pro-rata

New option – reduced pay

With the coronavirus outbreak affecting businesses around the country, a number of employers have had to make the decision to ask staff not to come in to work. The government announced last week that, to encourage employers not to lay staff off, they will pay up to 80% (to a maximum £2,500 per month) of staff members’ salaries if they keep them on the payroll. As well as trying to ensure that employees still receive some pay, the plan is to keep the workers available so the economy is well placed to start up again once the virus threat is reduced.

I have added an option to the existing Pro-Rata Calculator which allows you to enter a percentage of salary instead of reduced hours. Some employers will continue to pay their employees the full amount during the pandemic, others may only be able to pay what they are receiving from the government. And of course, for other reasons you might be receiving a percentage reduction in salary. If this applies to you, enter your full-time salary and full-time hours, then enter the percentage of your salary that you will be receiving. With tax and pension deductions etc taken into account, you might find that the reduction is not quite as bad as you thought. For example, someone on the UK median full-time salary (which is about £30,000) normally takes home £1,915 per month after tax and 5% auto-enrolment pension contributions. On 80% salary, they would take home £1,595, which is a significant drop but still just over 83% of normal. Other deductions like Student Loan repayment could make the overall reduction to a slightly more manageable 85%.

Also of interest might be the new Sick Pay Calculator, which I launched last week to help people who have had to take a short period of time off on reduced pay.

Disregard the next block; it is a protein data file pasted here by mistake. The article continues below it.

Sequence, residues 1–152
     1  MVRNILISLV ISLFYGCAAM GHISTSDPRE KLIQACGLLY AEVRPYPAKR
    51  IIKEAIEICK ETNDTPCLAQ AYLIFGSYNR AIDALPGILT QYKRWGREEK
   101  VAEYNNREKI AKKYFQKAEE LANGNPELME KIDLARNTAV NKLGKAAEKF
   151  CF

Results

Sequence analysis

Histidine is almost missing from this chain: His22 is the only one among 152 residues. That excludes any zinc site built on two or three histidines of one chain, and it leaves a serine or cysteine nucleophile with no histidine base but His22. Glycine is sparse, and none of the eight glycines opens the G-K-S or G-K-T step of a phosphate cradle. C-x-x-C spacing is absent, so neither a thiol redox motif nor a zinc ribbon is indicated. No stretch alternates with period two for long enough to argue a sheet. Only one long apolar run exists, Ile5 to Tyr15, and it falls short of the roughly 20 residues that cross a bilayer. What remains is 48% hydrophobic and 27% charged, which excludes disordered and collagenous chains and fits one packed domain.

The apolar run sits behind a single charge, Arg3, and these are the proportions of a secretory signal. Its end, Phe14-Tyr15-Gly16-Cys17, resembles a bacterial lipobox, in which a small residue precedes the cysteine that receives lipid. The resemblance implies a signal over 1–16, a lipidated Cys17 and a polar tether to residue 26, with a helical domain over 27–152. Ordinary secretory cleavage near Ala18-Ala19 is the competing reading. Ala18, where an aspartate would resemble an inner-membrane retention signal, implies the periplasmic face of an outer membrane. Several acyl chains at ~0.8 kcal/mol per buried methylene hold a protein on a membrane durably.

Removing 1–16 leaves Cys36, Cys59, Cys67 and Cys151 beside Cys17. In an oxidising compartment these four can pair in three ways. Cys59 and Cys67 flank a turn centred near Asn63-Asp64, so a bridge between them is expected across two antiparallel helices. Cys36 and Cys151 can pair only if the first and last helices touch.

Tags: , , , , , , , , , , , , , ,

None of the content on this website, including blog posts, comments, or responses to user comments, is offered as financial advice. Figures used are for illustrative purposes only.

Pro-rata Salary Calculator added

For a very long time, people have been asking me to add a pro-rata tax calculator to The Salary Calculator – I have finally created it and added it to the site. As I have mentioned in an earlier post, pro-rata salary is normally calculated quite easily. For reduced hours, most employers will multiply the full-time salary by the reduced number of hours divided by the full-time hours.

For example, if the full-time salary is £20,000 per year for 37.5 hours’ work per week, the pro-rata salary based on a 18-hour working week would be:

£20,000 x (18 / 37.5) = £9,600

Income tax, National Insurance and other deductions are then calculated based on this new salary. To use this new tool, you just need to enter the full-time salary, the full-time hours, and the new hours that the pro-rata salary is to be calculated from. To check it out for yourself, get started with the pro rata Salary Calculator.

Tags: , , , ,

Pro-rata calculations

Recently, I’ve had a couple of requests from users of the site to have a pro-rata calculator on the site, so you can work out what your new pay would be if you go down to reduced hours or enter a job share of some sort. Unfortunately, I’ve not had time to make this new tool, but it is easy to use the existing calculator to work out your pro-rata pay.

For example, if you are working 20 hours a week instead of 37.5:

  1. If you know the hourly rate for the job, use the Hourly Rate Calculator, enter that rate and 20 hours – the calculator will show you the take home pay.
  2. If you just know the annual salary for 37.5 hours a week, first divide the salary by 37.5, then multiply it by 20. Enter this new salary into the normal calculator and it should give you the right information.

According to HMRC, tax, NI etc are all worked out the same whether you worked 37.5 hours to earn the money, or just 20 (or 1!). The above tricks can show you what you need to know until I have time to create a pro-rata calculator.

Tags: , , , ,

Sponsored Links

Close X

This website uses cookies - for more information, please click here.